March Bird ForecastMarch 7th, 2013 at 12:05 am by Jim Spencer under Weather
What to Watch For In March
Golden-cheeked Warblers, Swallows and Sandhill Cranes
Here’s the Central Texas bird forecast for the month, courtesy of Travis Audubon. Learn more about Central Texas birds and bird-related events for all ages at travisaudubon.org or by calling 512-300-BIRD. Travis Audubon is on Twitter and Facebook. Follow us on Twitter @TravisAudubon and give us a “like” at www.facebook.com/travisaudubon.
Returning Endangered Golden-cheeked Warblers
This small songbird winters in Mexico and Central America. The males will be arriving any day now, usually about a week before the females. While you probably won’t see them in your backyard, you can look for them in oak-juniper parkland on the west side of Austin, particularly at the Balcones Canyonlands National Wildlife Refuge. The males will be singing from the treetops, setting up their territories. Every single one of these birds is a native Texan, born here in a 33–county area of central Texas. We will be graced with their bright yellow cheeks through July. If you have always wanted to see a Golden-cheeked Warbler, mark your calendar for an open house at Travis Audubon’s Baker Sanctuary April 13, or register now for a field trip at the Balcones Songbird Festival, April 26-29. Visit http://www.friendsofbalcones.org/festival
Swallows and More Swallows
More visible birds arriving now are our elegant Barn and Cliff Swallows. The Cliff Swallows will settle underneath overpasses, ready to raise a brood. Barn Swallows alternately enchant and aggravate their human landlords as they try to build cup-shaped nests under covered porches. Both swallow species are aerial foragers. Barn Swallows fly low over land and water catching insects while Cliff Swallows fly much higher. Good places to look for swallows are Lady Bird Lake and any bridge near water, where they can get mud for nest building.
Barn and Cliff Swallows, as well as the Golden-cheeked Warblers, are all keeping their feathers crossed that the weather will be mild this month, so they don’t go hungry.
Sandhill Cranes on the Move
Big noticeable birds that you might see this month are Sandhill Cranes on their way to Nebraska’s Platte River Valley where more than 500,000 congregate before heading further north to their breeding grounds. These birds have a haunting primitive call that you often hear first. Look up and try to spot the flock of high-flying large grayish birds with dark wingtips. Their long necks will be extended, and their long legs trailing. Often these cranes fly in a V-shaped formation. Did you know that Sandhill Cranes can live for 20 to 25 years, and they stay with their mates year-round?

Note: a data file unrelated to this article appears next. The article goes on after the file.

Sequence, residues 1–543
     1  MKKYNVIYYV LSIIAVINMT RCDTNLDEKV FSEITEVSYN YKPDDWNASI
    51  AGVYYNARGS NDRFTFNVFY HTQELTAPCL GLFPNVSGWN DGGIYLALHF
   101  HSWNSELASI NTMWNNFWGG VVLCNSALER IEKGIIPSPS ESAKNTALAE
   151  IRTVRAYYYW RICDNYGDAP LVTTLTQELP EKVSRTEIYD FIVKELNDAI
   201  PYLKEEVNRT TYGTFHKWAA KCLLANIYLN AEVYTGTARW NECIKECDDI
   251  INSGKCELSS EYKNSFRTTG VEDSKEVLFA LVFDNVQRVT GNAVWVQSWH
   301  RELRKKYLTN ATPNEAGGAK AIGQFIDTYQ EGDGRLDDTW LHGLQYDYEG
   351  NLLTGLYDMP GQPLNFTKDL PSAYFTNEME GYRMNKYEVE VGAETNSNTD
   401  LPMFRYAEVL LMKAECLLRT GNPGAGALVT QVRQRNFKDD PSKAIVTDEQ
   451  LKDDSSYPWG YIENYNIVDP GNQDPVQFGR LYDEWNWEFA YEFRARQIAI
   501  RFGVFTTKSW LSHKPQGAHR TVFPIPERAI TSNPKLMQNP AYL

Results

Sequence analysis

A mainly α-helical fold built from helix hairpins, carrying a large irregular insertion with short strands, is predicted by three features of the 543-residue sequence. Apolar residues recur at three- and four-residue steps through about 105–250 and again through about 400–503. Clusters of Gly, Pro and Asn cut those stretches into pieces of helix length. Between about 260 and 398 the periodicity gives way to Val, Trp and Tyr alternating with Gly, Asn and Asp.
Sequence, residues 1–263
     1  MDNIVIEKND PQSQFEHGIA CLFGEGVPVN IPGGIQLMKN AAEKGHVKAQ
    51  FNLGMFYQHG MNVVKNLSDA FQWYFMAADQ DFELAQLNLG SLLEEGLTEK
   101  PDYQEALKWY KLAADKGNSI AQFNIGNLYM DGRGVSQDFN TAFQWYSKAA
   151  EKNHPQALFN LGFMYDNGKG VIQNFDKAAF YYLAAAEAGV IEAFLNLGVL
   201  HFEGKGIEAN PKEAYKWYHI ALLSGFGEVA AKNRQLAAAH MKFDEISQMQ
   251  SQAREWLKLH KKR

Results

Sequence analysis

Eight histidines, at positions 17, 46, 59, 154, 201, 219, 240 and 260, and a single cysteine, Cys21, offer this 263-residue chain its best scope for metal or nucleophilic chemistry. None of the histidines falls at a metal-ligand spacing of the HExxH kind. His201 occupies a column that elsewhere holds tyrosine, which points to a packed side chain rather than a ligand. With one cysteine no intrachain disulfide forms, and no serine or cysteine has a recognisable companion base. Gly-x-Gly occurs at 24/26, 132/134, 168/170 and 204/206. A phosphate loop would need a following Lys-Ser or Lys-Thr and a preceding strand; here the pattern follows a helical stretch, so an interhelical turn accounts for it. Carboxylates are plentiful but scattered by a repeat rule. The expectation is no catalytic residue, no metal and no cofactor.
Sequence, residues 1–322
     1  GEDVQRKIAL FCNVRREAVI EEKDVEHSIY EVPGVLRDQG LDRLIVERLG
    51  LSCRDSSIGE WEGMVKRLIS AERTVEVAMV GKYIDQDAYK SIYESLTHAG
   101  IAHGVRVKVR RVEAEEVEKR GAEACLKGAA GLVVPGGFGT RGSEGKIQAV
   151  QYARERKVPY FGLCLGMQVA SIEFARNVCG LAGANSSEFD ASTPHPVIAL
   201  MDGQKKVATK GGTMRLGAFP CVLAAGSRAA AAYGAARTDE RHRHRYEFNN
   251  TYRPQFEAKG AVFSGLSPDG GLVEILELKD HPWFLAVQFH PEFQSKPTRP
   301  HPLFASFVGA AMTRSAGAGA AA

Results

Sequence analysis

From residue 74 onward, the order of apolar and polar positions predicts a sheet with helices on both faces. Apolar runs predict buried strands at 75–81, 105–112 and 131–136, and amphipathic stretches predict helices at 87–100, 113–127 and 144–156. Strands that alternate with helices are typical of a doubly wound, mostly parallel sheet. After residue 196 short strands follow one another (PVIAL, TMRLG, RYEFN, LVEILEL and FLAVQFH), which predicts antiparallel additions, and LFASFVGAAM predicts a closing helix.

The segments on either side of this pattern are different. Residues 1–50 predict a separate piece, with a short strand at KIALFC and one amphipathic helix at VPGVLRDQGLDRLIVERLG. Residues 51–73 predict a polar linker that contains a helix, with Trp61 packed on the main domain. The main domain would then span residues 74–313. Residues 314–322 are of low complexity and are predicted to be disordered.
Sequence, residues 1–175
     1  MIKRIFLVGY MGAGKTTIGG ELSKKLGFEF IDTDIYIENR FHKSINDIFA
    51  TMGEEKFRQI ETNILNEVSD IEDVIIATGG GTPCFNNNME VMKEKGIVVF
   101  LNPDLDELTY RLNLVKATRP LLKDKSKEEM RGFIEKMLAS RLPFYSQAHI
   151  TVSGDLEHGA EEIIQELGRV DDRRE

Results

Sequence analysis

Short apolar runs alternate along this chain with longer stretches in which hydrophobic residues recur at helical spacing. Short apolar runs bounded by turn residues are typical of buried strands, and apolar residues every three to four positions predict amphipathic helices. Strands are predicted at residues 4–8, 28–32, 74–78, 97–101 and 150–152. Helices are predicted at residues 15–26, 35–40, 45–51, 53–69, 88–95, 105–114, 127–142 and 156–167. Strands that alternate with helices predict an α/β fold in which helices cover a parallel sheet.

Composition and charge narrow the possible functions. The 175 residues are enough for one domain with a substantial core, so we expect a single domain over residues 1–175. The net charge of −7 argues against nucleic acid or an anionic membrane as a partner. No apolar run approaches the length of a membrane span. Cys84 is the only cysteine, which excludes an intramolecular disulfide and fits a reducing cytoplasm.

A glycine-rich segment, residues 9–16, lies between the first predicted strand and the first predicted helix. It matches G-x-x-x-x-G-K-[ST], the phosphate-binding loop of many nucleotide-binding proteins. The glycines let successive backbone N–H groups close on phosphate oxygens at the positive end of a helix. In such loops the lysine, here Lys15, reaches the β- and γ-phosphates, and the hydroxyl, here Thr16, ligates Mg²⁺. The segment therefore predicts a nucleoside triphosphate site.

Travis Audubon Monthly Meeting
“The Birdchasers: 53 Years of Birds and Birding at Hornsby Bend”
Thursday, March 21 Social time at 6:30 p.m. Meeting begins at 7 p.m.
Rissman Hall, First Presbyterian Church, 8001 Mesa Drive (near Spicewood Springs Road)
Hornsby Bend has played a key role in Austin birding history as a special place for birding. Over the decades, many rare birds have been documented and many birdchasing adventures (and misadventures) have occurred there. Dr. Kevin Anderson will share tales and images of Hornsby Bend birds and birdchasers while discussing the environmental history of this famous 1200-acre site along the Colorado River.
Field Trips — Check the Travis Audubon website for details
Copperfield Nature Trails
Saturday, March 9: 7 a.m. to 11:30 a.m.
Two-hour Tuesday! at Hutto Lake Park
Tuesday, March 12: 8 a.m. to 10 a.m.
Hornsby Bend Monthly Bird Walk
Saturday, March 16: 7:30 a.m. to 11:00 a.m.
Super Tuesday! At Palmetto State Park
Tuesday, March 19: 6:00 a.m. to early afternoon
Become a Habitat Steward
If you are interested in attracting birds and butterflies to your yard, join this Travis Audubon-supported training, and be a leader in gardening for wildlife. http://austintexas.gov/department/wildlife-austin
Compiled by Travis Audubon Volunteers Jorjanna Price and Jane Tillman